For several reasons, however, comparative genomics is not as straightforward as simply counting the number of base pairs that differ. First, the two DNA sequences must be carefully aligned to ensure that the same genes are being compared, and the alignment can be difficult when comparing genomes of different species. Since genomes typically contain large repeated segments, often they can be aligned in multiple different ways, so the comparison will depend on which alignment is chosen. To make matters worse, many genes have the mysterious ability to move around within a genome, and these so-called “jumping genes” make the alignment decisions even more challenging.Transposable elements (“jumping genes”) and other mobile genetic elements (DNA segments that can move around) constitute nearly 50% of the human genome, according to some estimates. For further discussion, I recommend Lecture 6 of Sam Kean’s course on “Unlocking the Hidden History of DNA” in The Great Courses lecture series. See also this article for discussion of the possible roles mobile genetic elements might play in the human genome. Second, there isn’t any standard way of deciding whether two sequences are similar enough to count as the “same gene” for comparison purposes. Moreover, a genome typically contains multiple copies of certain genes, and researchers have to make an arbitrary choice whether to count them as a single gene or several genes when evaluating the overall degree of similarity between genomes. Finally, and most importantly, the overall similarity between two genomes doesn’t always correlate with their relatedness. The DNA of a human boy may resemble his male cousin’s DNA more than that of his own sister, for instance, due to the major differences between the X and Y chromosomes which distinguish the sexes. For another example, the genome of an organism with polyploidy (extra copies of a chromosome resulting from a duplication mutation) may have a greater number of base pairs in common with another polyploid species than it has with non-polyploid members of its own species. Thus, careful methods of analysis must be employed to determine the true family relationships even between members of the same species, let alone to discern evolutionary relationships between different species.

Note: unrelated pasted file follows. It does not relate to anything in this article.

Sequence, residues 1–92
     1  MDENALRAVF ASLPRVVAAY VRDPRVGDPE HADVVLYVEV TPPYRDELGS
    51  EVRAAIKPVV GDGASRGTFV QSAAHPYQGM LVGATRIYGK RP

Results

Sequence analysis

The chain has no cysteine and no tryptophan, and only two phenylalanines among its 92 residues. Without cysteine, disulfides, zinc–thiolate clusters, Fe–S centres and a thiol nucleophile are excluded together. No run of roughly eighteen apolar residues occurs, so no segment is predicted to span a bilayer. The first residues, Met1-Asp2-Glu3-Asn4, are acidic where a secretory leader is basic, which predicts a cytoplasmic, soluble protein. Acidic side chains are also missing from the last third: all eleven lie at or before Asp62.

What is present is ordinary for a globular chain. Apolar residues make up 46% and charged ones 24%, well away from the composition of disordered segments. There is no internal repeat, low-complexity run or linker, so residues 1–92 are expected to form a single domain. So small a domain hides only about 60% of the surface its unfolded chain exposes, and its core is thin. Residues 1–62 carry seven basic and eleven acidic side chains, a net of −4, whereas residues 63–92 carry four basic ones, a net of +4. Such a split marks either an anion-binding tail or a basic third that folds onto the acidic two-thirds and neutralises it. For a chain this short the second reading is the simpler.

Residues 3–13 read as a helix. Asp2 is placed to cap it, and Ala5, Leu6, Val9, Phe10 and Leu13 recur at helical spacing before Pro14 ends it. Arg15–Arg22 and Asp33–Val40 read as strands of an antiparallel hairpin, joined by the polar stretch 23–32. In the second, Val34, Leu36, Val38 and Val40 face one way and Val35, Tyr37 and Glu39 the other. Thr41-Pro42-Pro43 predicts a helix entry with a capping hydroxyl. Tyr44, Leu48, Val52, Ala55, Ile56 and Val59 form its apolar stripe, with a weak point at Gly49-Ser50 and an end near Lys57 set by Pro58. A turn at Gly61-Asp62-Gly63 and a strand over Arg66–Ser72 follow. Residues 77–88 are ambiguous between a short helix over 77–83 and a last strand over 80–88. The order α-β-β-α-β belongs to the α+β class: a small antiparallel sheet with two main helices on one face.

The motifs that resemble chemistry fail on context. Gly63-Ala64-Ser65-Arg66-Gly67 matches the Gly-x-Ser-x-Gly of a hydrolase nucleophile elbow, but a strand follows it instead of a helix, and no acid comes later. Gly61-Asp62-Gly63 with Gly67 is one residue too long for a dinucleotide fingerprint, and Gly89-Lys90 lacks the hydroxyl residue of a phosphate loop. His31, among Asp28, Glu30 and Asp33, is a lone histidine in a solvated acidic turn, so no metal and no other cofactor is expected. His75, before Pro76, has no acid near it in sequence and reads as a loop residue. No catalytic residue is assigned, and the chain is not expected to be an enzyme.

A detailed examination of the methods of comparative genomics is beyond the scope of this summary, but it will be worthwhile to consider several kinds of clues typically seen as strong evidence of shared ancestry between species:For a more detailed explanation of various kinds of genetic evidence for evolution, see chapter 6 of Darrel Falk’s book Coming to Peace with Science: Bridging the Worlds Between Faith and Biology (Downers Grove: InterVarsity Press, 2004) 189-192. Falk is a Christian biologist who endorses evolutionary creationism.

  1. Despite the aforementioned challenges, a high degree of overall similarity between the genomes of two species usually is considered evidence that both descended from a relatively recent ancestral species. For example, human beings share more genes in common with chimpanzees than we do with any other species, and for this reason chimps are considered our closest living relatives. According to recent estimates, chimps and humans share around 94% of the same genes; some older estimates suggested that the similarity was as high as 99%.For further discussion of this example, see this article written by geologist Casey Luskin, a proponent of Intelligent Design. For a discussion of genetic evidence from an evolutionary creationist’s perspective, see chapter 6 of biologist Darrel Falk’s book Coming to Peace with Science (Downers Grove: InterVarsity Press, 2004).